AC Milan line up for the 1989 European Cup final – they would win the title in 1990, too
For a team that would enter football history as The Immortals, it was a chilling reminder of the frailty of human life.
On 10 November 1988, Arrigo Sacchi’s AC Milan faced Red Star Belgrade at their Marakana Stadium in the European Cup second round, second leg. The match – replayed from the previous day after an abandonment due to fog – took a horrifying turn just before half-time.
The score was 1-1 – and 2-2 on aggregate – when Red Star defender Goran Vasilijevic clashed with Milan’s Roberto Donadoni.
Sacchi, in his newly published memoir The Immortals, describes the incident.
“Vasilijevic went in violently on Donadoni, hitting him with a head butt and an elbow at the same time,” writes the Italian coach.
“Roberto hit the deck, knocked out. These were moments of true terror: he looked dead. Players were waving their arms about and putting their hands on their heads.”
As Donadoni lay prone, Angelo Pagani, the Milan masseur, was first to reach him. He managed to open the player’s mouth – jammed shut due to a fractured jaw – and free his tongue, which had been forced to the back of his mouth and threatened to choke him.
Milan doctor Ginko Monti, next on the scene, administered mouth-to-mouth. “Roberto showed no sign of life, and then he began to stamp his feet on the ground, which often happens to people who have suffered cranial trauma,” writes Sacchi.
Donadoni’s team-mates looked on in horror. Legendary Milan and Italy defender Paolo Maldini recalled the fateful moment: “He was blue, with his eyes wide open, and he was stamping his feet like an animal in the slaughterhouse.”
Marco van Basten, the team’s iconic Dutch striker, ran to the Milan bench shouting “A doctor! A doctor!” before seeking comfort in the arms of general manager Paolo Taveggia and bursting into tears. Van Basten did not want to play on but the Milan coaching team convinced him to, as Donadoni was carried off on a stretcher and rushed to hospital.
A shell-shocked Milan returned to the dressing room at half-time. Then they heard an announcement over the public address system which was roundly booed by the home crowd. When the same announcement was made in Italian, they understood.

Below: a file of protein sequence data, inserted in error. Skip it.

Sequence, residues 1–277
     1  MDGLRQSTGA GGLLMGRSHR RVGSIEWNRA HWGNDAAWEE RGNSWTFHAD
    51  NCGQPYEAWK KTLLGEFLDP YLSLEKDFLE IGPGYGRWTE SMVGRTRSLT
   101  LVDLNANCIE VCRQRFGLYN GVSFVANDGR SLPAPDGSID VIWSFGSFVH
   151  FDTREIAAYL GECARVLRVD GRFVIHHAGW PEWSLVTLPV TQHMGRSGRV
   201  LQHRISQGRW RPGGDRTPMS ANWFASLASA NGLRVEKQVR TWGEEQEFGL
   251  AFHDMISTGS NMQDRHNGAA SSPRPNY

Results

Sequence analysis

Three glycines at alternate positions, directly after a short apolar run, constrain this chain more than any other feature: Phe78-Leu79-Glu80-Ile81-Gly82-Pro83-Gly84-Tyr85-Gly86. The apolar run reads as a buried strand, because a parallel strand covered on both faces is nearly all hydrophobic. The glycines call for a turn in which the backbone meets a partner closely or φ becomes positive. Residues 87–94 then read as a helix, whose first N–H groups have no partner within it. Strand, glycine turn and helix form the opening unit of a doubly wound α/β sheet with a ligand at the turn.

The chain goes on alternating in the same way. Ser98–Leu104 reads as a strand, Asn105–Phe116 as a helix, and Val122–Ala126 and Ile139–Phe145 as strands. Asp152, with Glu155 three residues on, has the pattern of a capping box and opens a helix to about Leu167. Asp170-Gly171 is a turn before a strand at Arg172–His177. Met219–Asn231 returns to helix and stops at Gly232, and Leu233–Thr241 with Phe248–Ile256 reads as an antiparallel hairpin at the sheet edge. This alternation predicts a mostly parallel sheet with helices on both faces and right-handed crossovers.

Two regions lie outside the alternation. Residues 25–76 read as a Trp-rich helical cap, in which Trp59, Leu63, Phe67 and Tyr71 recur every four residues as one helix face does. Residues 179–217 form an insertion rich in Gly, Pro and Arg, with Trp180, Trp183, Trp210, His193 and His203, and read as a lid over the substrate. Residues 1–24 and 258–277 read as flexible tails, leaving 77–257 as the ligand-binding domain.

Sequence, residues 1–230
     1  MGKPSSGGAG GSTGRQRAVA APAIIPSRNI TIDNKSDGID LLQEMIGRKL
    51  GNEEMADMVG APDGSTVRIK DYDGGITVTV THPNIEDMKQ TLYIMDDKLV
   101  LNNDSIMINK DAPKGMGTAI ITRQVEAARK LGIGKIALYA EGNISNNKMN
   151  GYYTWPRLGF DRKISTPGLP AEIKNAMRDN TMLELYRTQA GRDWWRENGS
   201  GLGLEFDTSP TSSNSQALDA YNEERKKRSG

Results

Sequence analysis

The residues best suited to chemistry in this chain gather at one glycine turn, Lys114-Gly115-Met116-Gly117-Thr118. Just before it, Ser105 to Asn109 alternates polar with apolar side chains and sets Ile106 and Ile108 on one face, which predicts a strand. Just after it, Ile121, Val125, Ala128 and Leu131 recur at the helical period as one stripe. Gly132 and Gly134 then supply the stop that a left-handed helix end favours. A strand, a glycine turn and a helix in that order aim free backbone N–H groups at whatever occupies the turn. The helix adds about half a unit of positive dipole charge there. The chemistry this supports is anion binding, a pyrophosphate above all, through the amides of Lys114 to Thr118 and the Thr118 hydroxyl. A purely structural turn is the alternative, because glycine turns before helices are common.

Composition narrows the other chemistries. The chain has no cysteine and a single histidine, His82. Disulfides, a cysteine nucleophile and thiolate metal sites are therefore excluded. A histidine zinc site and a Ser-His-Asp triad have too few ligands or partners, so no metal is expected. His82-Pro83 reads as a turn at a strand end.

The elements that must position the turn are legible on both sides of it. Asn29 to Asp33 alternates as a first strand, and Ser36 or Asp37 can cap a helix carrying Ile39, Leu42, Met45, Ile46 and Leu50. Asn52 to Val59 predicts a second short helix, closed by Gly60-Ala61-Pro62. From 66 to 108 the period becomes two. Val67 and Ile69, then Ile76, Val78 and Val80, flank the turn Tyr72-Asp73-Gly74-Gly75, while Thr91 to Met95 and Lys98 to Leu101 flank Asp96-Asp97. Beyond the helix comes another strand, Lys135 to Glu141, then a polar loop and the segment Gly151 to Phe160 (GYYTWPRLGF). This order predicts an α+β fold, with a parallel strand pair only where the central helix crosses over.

Sacchi explains: “The announcer had wanted to reassure fans who had seen Donadoni lying on the turf for so long without moving, by telling them the good news coming from the hospital. Roberto had regained consciousness and, apart from that fractured jaw, no serious damage appeared to have been done. The Red Star fans were booing his good health.”
Milan’s players, including Ruud Gullit, were furious. Gullit had replaced his stricken team-mate and was struggling so badly with a left thigh injury that he was only due to play 45 minutes. In the end, he played all the second half plus extra time and penalties. Sacchi describes the Dutchman as “our courage, our general in battle”. A battle it was.
Donadoni scored the first goal of Sacchi’s reign as Milan boss, in 1987
With hostility pouring from the stands, Milan kept attacking. Their captain Franco Baresi transmitted calm and belief as they searched for a winner. “Every time he came out with the ball at his feet, the flames of hell made way,” writes Sacchi. But an exhausted Milan could not score again and, with an aggregate score of 2-2, the tie went to penalties.
Stojkovic converted Red Star’s first and Baresi replied for Milan. Robert Prosinecki scored the home side’s second. Then Van Basten stepped up.
Sacchi: “Van Basten moved towards the ball with that swan-like elegance. He barely touched it but it flew – hard and unsaveable – into the top-right corner. Perfect execution. I had the sense that the whole Marakana had been frozen by this exhibition of confidence and technique.”